Despite the growing burden of kidney disease worldwide, kidney health disparity and inequity are still widespread. The World Kidney Day 2019 theme is highlighting these disparities and emphasises the role of public policies and organisational structures in addressing them. Unveiling the social construct of kidney health disparities and therefore giving rise to the opportunity for countries to mitigate these inequities, WKD 2019 urges its stakeholders to call upon their policy makers to devise better kidney care and to streamline efforts toward achieving kidney health equity across the globe.
This year, in its 14th reiteration, World Kidney Day will be marked on March 14. True to form and its objective of spreading awareness of risk factors for kidney disease and of the high and increasing burden of kidney diseases worldwide, the 2019 campaign spotlights the benefits of accessible, adequate, appropriate and affordable coverage for kidney diseases prevention and management.
850 million people worldwide are now estimated to have kidney diseases from various causes. There are many kinds of kidney disease all of which are characterised by a sudden or gradual loss of kidney function. Chronic Kidney Disease (CKD) causes at least 2.4 million deaths per year, half of which are cardiovascular related deaths due to low kidney function; and is now the 6th fastest growing cause of death. Acute kidney injury (AKI), an important driver of CKD, affects over 13 million people worldwide and 85% of these cases are found in low and middle-income countries. Around 1.7 million people are estimated to die annually because of AKI.
In many settings, rates of kidney disease and the provision of its care are defined by socio-economic, cultural, environmental and political factors, leading to significant disparities in disease burden, even in developed countries.
Disparities in kidney health and inequitable access can be linked to the social conditions in which people are born, grow, live, work and age including poverty, gender and racial discrimination, lack of education, occupational hazards and pollution among others. Persons of lower socioeconomic status bear the greatest burden as regards being at an increased risk of developing kidney disease and kidney failure. This can be scaled also to a macro level with gross domestic product being correlated with lower dialysis-to- transplantation ratios, suggesting greater rates of kidney transplantation in more financially solvent nations. However even in developed countries, persons with advanced CKD who have no or limited public or private sector funding for care shoulder a substantial financial burden thus experiencing inequitable access to kidney care.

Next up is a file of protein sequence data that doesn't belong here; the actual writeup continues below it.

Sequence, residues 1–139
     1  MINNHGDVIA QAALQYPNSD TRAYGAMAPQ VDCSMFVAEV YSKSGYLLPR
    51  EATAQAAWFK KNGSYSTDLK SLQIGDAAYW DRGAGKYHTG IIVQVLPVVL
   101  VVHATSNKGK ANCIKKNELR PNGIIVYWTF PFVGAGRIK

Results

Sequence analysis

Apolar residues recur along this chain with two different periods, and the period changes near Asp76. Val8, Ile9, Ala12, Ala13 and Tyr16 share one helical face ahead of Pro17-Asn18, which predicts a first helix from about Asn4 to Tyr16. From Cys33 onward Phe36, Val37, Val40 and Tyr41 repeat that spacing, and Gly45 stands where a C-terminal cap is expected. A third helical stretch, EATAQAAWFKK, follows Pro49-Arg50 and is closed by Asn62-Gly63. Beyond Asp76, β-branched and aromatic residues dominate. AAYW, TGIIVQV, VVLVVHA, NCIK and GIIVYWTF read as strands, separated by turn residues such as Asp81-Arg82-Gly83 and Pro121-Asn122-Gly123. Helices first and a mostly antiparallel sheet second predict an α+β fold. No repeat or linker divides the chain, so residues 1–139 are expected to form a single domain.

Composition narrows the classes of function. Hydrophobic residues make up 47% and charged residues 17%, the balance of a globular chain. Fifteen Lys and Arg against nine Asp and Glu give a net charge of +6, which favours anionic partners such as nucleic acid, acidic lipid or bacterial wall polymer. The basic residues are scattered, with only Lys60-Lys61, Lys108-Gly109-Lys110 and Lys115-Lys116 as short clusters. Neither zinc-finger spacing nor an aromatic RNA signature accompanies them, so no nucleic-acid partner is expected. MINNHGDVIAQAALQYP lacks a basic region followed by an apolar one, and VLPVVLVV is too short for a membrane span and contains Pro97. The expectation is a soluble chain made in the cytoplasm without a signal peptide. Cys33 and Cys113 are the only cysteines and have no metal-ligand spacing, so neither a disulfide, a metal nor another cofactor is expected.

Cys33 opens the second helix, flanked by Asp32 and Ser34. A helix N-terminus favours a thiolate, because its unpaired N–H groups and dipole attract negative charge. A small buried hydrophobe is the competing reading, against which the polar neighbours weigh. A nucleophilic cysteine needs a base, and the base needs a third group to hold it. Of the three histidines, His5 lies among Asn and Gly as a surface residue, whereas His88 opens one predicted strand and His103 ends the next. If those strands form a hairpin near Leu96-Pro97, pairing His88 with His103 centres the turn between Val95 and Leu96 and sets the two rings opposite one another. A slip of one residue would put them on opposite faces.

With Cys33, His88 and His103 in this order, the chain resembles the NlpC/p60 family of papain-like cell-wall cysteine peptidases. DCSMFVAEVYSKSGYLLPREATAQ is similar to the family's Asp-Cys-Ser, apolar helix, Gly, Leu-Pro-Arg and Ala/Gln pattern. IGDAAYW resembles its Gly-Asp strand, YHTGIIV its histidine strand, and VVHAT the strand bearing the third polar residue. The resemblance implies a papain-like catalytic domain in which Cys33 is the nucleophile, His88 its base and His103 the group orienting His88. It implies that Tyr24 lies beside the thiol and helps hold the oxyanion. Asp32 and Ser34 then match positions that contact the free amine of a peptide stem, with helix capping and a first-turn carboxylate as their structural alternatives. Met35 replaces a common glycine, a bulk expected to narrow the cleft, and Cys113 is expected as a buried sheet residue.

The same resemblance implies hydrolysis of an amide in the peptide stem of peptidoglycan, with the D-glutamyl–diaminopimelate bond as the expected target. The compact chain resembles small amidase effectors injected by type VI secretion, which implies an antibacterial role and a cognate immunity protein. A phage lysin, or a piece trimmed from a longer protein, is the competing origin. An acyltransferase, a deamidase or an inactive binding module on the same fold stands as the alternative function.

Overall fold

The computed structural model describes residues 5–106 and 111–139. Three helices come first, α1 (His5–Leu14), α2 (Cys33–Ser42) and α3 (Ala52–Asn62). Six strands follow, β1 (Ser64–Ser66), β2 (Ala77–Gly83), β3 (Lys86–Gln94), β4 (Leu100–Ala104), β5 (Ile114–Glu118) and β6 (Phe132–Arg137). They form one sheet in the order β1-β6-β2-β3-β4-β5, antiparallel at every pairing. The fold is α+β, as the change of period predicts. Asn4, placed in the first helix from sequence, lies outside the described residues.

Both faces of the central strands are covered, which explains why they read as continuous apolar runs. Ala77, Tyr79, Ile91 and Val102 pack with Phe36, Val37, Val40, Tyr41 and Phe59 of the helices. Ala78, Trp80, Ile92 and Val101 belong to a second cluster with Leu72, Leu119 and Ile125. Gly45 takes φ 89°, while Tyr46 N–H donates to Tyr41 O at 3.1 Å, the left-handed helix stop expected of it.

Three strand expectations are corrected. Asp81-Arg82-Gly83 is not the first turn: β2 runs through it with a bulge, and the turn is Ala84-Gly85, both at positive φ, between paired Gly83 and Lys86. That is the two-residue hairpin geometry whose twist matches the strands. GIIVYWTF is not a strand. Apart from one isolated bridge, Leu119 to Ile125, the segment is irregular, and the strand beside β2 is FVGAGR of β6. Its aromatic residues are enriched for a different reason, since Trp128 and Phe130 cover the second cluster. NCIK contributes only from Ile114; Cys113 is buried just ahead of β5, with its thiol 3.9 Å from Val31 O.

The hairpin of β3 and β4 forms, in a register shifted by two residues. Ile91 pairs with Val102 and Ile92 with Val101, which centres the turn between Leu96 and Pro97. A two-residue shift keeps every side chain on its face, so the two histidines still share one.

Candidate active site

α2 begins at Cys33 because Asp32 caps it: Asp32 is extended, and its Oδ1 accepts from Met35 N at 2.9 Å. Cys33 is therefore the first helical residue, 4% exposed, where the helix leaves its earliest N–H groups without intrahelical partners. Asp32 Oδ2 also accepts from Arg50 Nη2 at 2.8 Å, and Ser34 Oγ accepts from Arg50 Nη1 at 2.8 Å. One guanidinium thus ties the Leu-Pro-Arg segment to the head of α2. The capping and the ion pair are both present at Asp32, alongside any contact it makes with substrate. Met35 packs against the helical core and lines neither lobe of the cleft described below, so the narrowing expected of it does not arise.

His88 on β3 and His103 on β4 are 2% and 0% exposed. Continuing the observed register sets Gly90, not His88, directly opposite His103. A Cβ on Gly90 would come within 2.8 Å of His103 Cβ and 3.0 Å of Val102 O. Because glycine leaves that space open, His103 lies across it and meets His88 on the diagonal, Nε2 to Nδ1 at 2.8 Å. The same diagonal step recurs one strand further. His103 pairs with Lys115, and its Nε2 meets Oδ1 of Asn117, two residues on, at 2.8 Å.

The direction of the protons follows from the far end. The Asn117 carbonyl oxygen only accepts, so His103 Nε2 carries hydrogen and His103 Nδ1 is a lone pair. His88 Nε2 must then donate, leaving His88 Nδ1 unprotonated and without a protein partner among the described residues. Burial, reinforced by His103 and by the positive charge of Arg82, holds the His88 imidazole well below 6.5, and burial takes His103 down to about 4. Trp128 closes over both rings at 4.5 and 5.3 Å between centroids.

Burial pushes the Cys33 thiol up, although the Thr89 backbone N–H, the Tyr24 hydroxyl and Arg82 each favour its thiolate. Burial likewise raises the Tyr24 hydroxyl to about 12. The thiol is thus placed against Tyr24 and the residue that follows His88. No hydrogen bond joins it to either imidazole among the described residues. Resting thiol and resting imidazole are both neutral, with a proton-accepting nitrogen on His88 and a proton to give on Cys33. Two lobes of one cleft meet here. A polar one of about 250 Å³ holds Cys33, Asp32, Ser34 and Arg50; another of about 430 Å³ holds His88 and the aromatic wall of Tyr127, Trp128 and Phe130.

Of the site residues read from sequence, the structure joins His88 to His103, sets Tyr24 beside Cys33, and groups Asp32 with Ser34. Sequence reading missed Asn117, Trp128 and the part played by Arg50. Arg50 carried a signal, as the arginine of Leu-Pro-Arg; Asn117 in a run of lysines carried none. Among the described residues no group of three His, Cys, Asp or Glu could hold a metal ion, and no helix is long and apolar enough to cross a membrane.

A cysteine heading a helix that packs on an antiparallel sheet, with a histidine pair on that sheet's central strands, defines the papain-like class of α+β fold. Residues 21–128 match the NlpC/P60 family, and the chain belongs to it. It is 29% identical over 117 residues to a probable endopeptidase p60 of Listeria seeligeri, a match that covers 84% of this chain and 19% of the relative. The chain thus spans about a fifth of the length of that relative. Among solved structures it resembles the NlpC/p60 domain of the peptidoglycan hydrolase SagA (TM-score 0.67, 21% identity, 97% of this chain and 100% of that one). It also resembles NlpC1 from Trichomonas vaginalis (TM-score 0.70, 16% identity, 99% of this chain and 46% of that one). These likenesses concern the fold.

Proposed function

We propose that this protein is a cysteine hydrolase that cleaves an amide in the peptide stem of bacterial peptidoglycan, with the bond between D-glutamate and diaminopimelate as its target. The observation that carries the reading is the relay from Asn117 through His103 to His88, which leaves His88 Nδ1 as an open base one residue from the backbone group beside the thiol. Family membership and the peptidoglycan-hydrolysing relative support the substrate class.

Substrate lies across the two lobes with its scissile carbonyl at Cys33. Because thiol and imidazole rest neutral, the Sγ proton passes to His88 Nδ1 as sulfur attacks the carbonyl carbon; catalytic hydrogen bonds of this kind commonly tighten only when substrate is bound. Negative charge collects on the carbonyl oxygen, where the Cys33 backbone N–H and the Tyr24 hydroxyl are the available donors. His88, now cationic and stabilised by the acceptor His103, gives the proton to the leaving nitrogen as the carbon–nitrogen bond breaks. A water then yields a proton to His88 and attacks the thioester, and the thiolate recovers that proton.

As for many non-communicable diseases, early diagnosis, prevention and delay of progression are sustainable options to reduce costs and consequences of kidney diseases for individuals and countries. Yet, barriers to available, accessible, adequate and quality kidney care persist.
Therefore, Kidney Health for Everyone Everywhere calls for universal health coverage (UHC) for prevention and early treatment of kidney disease. Specifically, WKD calls on everyone to advocate for concrete measures in every country to improve kidney care:
- Encourage and adopt healthy lifestyles (access to clean water, exercise, healthy diet, tobacco control).
- Make screening for kidney diseases a primary healthcare intervention including access to identification tools (e.g. urine and blood tests).
- Ensure kidney patients receive basic health services they need (e.g. blood pressure and cholesterol control, essential medications) to delay disease progression without suffering financial hardship.
- Call for transparent policies governing equitable and sustainable access to advanced health care services (e.g. dialysis and transplantation) and better financial protection (e.g. subsidies) as more resources become available.
The global push towards Universal Health coverage represents an opportunity for substantial reform of kidney disease care around the world.
About the Authors
Prof Philip KT Li is Chief of Nephrology at Prince of Wales Hospital, Chinese University of Hong Kong; President of the Asian Pacific Society of Nephrology; and Past President, International Society for Peritoneal Dialysis.
Prof. Guillermo Garcia Garcia is Director and Founder of the Nephology Department, Hospital Civil de Guadalajara; Director and Founder, of the Postgraduate Nephrology Fellowship, at the University of Guadalajara Health Sciences Center, in Guadalajara, Mexico; Past-President, of the International Federation of Kidney Foundations (IFKF); and Member of the Mexican National Council for Science and Technology’s (CONACYT's) National Researchers Network, Level III.
World Kidney Day (@worldkidneyday) takes place on the 14th of March, and is a joint initiative of the International Society of Nephrology and the International Federation of Kidney Foundations.
Kidney care should be provided as part of #UniversalHealthCoverage. The comprehensiveness of covered interventions will differ among countries based on political, economic and cultural factors. #WorldKidneyDay #enoughNCDs #HealthForAll